A number of U.S. legislators want to give the Obama Administration the power to impose tariffs on imports from countries that manipulate their currencies. Such a policy could boomerang on U.S. exporters if other governments follow suit, since reductions in the value of the dollar in recent years could be used to justify new foreign tariffs on U.S. goods and services.

This is not just a hypothetical concern. Since 2003, the value of the dollar has declined by 25 percent versus China’s yuan. During the same time period, the value of the dollar has declined by 16.5 percent versus Japan’s yen.

Policymakers in China, Japan, and elsewhere need only Google the phrase “quantitative easing exchange rates” to find ample evidence of how U.S. monetary policy reduces the value of the dollar. As Christina Romer, former chair of President Obama’s Council of Economic Advisers, explained:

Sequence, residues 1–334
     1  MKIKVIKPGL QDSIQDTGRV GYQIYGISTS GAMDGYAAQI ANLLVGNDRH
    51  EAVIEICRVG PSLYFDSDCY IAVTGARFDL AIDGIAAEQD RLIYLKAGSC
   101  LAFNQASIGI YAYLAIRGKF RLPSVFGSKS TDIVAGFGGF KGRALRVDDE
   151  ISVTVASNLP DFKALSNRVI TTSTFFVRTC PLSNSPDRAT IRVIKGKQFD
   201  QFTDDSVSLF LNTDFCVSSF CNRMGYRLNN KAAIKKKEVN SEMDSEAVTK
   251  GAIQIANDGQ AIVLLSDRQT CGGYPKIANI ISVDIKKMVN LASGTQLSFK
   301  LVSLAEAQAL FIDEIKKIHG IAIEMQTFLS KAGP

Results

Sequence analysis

Like conventional monetary policy, quantitative easing also works through exchange rates. Reductions in American interest rates make domestic assets less attractive, reducing the demand for dollars and lowering the currency’s value in foreign exchange markets. This tends to decrease our imports and increase our exports.

The main goal of U.S. trade policy since World War II has been to make it harder for governments to impose trade barriers. Congress and the Obama Administration should be working to reduce trade barriers, not coming up with new schemes designed to boost tariffs and reduce international trade.